Focus on Food Recalls

In planning for your company’s 2018 regulatory priorities, you might want to review and optimize its recall procedures.  Recall policies and procedures likely will be a focus of FDA in the coming year.

The Office of Inspector General (OIG) within the Department of Health and Human Services recently published a Report, The Food and Drug Administration’s Food-Recall Process Did Not Always Ensure the Safety of  the Nation’s Food Supply (Dec. 2017).  The Report is based on OIG’s selective review of documentation for 30 voluntary food recalls from the 1,557 food recalls reported to FDA between October 1, 2012, and May 4, 2015.   OIG focused on FDA’s (1) oversight of each company’s initiation of food recalls, (2) monitoring of company initiated recalls, and (3) maintenance of food-recall data in the electronic recall data system, i.e., the Recall Enterprise System (RES). 

Enactment of the FDA Food Safety Modernization Act (FSMA) in 2011 gave FDA new authority to order a mandatory recall and require companies to recall harmful foods.  OIG conducted its review to determine whether FDA is fulfilling its responsibility to safeguard the nation’s food supply now that it has mandatory recall authority. The Report follows-up on an Early Alert memorandum that OIG sent to FDA in June 2016 (included as Appendix B in the Report),  which raised concerns that FDA did not have policies and procedures adequate to ensure that food facilities take prompt and effective action in initiating voluntary recalls.

The Report makes and discusses the following essential findings:

  1. FDA could not always ensure that companies initiated recalls promptly.
  2. FDA did not always evaluate health hazards in a timely manner.
  3. FDA did not always issue audit check assignments consistent with the level in the proposed audit program.
  4. FDA did not always complete audit checks in accordance with procedures.
  5. FDA did not always collect timely and complete status reports from recalling firms.
  6. FDA did not track key recall data in the electronic RES.
  7. FDA did not always maintain accurate recall data in the RES.

In prompt reply to issuance of the Report, FDA published a Statement from FDA Commissioner Scott Gottlieb, M.D. on efforts to support more efficient and effective food recalls (Dec. 26, 2017).  The Statement acknowledges that the Report raises “significant concerns,” only some of which have been addressed since receipt of the Early Alert memorandum.  For example, in April of last year, FDA established the SCORE team (i.e., “Strategic Coordinated Oversight of Recall Execution”),  a group of senior leaders charged with reviewing complex or unusual food safety situations and determining the proper action to address the problem, if unclear.  Also, last year, after a comprehensive review of its recall processes, FDA developed a new strategic plan that outlines actions to improve the agency’s recall management.  That plan helps to standardize how FDA assesses a company’s recall efforts, and provides additional training to its staff involved in recall efforts so they can properly monitor and assess the effectiveness of a recall.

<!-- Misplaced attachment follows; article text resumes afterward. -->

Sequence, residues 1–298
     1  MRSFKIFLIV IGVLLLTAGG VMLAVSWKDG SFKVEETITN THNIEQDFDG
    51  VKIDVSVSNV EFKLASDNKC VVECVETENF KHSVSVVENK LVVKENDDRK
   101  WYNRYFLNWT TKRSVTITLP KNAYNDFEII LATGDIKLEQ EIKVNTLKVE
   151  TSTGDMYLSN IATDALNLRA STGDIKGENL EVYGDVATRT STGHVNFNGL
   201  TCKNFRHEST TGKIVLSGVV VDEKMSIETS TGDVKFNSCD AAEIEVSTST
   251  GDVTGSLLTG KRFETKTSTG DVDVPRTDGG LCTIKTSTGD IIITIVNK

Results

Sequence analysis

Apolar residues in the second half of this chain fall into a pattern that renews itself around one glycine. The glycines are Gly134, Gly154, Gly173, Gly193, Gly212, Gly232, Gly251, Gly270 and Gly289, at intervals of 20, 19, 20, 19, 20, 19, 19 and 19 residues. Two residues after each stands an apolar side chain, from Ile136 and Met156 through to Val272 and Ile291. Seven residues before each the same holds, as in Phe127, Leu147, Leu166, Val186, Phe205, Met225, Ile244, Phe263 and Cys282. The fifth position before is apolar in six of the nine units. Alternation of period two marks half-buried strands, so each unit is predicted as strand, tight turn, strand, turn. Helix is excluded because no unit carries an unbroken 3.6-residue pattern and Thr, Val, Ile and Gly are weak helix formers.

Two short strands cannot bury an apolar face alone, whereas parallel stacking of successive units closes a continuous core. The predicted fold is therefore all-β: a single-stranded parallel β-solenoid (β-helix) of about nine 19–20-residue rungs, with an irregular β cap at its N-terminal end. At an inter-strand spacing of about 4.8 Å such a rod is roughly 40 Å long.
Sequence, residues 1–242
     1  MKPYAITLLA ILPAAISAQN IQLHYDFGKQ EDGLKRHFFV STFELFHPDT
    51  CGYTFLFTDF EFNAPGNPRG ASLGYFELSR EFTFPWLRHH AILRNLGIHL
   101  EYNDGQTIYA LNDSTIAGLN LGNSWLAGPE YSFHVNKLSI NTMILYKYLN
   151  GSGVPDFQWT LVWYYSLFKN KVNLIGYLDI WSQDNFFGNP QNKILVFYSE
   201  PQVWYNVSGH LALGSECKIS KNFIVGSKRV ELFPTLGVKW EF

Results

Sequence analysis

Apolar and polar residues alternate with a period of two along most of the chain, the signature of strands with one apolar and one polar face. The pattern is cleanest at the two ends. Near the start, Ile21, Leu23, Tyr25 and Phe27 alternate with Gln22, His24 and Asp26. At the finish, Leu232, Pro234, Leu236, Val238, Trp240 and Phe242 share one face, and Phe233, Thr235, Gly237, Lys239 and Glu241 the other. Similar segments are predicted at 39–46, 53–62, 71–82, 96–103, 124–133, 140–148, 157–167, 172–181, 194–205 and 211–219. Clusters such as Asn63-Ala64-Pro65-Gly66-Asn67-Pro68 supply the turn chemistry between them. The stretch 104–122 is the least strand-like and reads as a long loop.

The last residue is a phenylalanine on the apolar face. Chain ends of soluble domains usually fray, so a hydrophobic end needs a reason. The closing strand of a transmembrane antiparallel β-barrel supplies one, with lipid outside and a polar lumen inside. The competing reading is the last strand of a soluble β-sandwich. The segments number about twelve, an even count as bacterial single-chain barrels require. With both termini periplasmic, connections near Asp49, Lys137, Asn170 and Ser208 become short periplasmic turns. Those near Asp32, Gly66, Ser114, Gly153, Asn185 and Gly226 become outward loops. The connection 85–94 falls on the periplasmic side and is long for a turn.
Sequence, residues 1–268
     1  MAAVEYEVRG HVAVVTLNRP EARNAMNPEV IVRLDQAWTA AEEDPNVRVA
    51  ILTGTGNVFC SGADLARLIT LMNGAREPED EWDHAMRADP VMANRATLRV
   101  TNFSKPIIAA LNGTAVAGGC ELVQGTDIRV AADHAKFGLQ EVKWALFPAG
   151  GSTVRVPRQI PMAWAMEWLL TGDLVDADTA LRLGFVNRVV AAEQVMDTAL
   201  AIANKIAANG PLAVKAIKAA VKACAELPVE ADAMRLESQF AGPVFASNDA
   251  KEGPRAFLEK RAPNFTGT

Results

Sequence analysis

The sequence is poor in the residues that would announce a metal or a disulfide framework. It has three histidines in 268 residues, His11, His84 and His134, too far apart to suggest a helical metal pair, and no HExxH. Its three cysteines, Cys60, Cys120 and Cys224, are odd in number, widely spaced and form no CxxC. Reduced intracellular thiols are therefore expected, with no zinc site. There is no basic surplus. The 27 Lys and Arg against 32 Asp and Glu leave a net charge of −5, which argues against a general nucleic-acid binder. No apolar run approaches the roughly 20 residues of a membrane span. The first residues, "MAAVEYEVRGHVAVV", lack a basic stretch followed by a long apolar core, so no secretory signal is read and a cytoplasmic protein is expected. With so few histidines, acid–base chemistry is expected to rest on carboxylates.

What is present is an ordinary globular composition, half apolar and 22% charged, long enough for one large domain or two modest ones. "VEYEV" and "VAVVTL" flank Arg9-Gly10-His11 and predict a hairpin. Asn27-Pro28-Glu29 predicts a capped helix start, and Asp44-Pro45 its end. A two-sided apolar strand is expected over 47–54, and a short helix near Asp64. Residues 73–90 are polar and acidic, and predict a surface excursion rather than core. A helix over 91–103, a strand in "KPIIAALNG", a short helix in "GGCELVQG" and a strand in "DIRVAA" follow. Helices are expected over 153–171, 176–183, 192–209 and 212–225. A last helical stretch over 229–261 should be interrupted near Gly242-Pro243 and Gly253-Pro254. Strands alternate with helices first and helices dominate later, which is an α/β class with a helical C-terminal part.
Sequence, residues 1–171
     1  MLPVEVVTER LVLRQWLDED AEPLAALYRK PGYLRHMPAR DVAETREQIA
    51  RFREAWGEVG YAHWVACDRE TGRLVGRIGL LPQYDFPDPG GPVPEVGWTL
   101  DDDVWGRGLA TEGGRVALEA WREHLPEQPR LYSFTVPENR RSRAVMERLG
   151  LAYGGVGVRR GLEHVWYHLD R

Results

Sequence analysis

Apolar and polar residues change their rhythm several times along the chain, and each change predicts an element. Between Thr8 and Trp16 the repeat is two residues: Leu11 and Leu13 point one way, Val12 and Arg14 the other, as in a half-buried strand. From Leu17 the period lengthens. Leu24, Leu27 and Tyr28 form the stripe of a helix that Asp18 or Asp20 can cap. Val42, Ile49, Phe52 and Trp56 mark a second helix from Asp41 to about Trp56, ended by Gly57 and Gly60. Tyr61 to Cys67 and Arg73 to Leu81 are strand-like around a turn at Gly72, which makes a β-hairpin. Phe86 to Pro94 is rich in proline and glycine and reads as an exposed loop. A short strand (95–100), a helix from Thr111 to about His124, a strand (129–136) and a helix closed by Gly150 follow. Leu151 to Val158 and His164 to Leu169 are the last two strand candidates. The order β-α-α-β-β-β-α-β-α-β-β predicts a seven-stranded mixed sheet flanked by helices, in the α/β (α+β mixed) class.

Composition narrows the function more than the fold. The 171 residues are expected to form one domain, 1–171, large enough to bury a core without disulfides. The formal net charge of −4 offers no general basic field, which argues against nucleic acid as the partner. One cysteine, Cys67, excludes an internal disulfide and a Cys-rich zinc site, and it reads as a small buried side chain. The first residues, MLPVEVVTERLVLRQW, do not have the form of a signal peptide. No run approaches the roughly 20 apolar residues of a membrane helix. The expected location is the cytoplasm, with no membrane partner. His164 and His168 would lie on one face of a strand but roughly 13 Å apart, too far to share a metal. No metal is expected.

FDA intends to say more in early 2018 on additional policy steps it will take as part of a broader action plan to improve the agency’s oversight of food safety, and how it implements the recall process.   FDA’s focus on food recalls provides a timely opportunity for industry to do the same.  FSMA provided FDA with the authority to suspend a company’s food facility registration(s) under proper circumstances; such a suspension would prevent the company from lawfully distributing food in commerce – a consequence to be avoided.

In reviewing your company’s recall procedures, consider doing the following:

  1. Submit a Freedom of Information Act (FOIA) request to FDA for a copy of the new strategic plan for recalls (mentioned in the published Statement of FDA Commissioner Gottlieb). It might suggest areas for specific focus.
  2. In the first quarter of 2018, monitor for FDA’s announcement of additional policy steps it intends to implement relative to food safety and recalls.
  3. Ensure that your company’s recall procedures address all facets of FDA’s recall guidelines, 21 C.F.R. Part 7, Subpart C.
  4. Confirm that in the event of a Class I recall, your company knows how to submit requisite notice to the Reportable Food Registry.
  5. Review the 7 findings of the Report to see if they suggest areas where your company’s recall procedures need strengthening.

Also, following any recall prospectively, submit a FOIA request for recall data in the RES to ensure that it is accurate.

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